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Note that this approach differs from that of incorporating covariates into the parameters of a univariate extreme value df in that a distribution for values of one variate is conditioned on only the extreme values of another variable. Therefore, the dependence is on the processes themselves rather than indirectly through distributional parameters. The conditional EVA carried out in this study uses the R R Development Core Team, package texmex Southworth and Heffernan, , which allows for the constrained estimation of the dependence parameters with the Laplace transformation on the marginal variables.

For additional helpful references on the HT conditional modeling approach, see Heffernan and Resnick , Keef , Keef et al. The original output employed here contained six hourly values every day for 42 years — Because the interest is in extremes, the daily maximum for each variable at each grid point is first taken to reduce the number of data points, which tend to occur at the same time every day, yielding a total of 15, non-missing data points at each grid location.

Top left: map of the three River measuring locations in Tennessee at Port Royal and near Kingston Springs and Lobelville, respectively. Dotted rectangle shows the areal coverage of a reanalysis grid point 1. Gray lines indicate the full available record, and black lines indicate the record available coincidentally with the WmSh reanalysis data used in the analyses in Section 4.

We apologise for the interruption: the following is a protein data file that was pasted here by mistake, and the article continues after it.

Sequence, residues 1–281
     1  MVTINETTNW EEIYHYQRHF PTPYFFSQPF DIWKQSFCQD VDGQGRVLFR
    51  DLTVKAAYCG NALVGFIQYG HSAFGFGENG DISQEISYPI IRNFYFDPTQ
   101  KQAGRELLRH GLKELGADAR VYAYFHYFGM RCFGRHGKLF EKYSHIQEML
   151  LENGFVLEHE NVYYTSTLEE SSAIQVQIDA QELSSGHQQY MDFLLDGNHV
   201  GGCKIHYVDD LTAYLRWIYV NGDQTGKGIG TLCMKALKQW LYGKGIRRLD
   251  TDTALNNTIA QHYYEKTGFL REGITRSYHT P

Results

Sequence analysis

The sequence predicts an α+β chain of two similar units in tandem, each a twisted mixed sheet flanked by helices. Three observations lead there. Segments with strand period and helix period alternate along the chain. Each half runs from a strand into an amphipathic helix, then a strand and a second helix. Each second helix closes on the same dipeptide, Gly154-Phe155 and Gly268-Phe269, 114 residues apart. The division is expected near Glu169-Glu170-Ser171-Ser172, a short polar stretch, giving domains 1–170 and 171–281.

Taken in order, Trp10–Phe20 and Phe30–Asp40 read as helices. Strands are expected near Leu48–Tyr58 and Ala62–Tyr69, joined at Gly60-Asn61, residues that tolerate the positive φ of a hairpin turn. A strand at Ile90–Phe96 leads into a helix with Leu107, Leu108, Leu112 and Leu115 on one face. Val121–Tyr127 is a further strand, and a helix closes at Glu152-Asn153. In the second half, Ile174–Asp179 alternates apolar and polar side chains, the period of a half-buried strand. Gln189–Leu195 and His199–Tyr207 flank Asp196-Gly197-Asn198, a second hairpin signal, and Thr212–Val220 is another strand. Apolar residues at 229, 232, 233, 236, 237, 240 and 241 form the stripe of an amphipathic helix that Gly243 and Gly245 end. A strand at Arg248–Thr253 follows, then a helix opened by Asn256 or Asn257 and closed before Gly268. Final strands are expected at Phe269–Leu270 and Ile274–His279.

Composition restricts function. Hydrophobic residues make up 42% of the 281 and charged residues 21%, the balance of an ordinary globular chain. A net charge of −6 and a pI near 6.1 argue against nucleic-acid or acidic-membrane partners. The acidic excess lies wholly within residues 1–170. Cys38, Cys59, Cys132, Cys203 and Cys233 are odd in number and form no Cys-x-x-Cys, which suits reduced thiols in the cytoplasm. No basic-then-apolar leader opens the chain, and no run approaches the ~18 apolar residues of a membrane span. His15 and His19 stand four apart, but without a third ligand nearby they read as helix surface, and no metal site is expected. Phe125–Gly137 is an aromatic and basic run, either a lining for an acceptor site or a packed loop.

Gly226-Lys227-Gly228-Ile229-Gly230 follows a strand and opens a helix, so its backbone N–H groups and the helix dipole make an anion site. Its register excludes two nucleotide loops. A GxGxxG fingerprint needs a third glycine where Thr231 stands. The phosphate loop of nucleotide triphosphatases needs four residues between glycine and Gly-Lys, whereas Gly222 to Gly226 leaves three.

Dashed horizontal lines are the 90th percentile for each river for data points shown in black. Following previous studies cf. Brooks et al. Note that while this product appears to discriminate severe weather environments fairly well cf. Figure 1 , it is possible for one of the variables to dominate the product so that both are not concurrently extreme. One might add complexity see, e.

However, we note that even with such added complexity, an exact correspondence between high values and severe weather does not necessarily exist, and yet, in certain places, the occurrence of high values of just one of these variables can be important. Therefore, in the present work, we simply use WmSh without any additional requirements. In order to investigate the full behavior of WmSh and how different processes can potentially contribute to the spatial extent of extreme weather, we stratify our dataset by four seasons defined here as: winter DJF , spring MAM , summer JJA , and fall SON.

This approach of segmenting the data can also be used to compare results for different periods. Here, we segment the data into three periods —, —, and — , reflecting important changes in the quality of input data used in the reanalysis. The final short segment covers a period over which changes in large-scale climate have become quite noticeable. However, any other segmentation is possible, and future work will investigate how the spatio-temporal structures have changed and will change in the future based on climate model projections.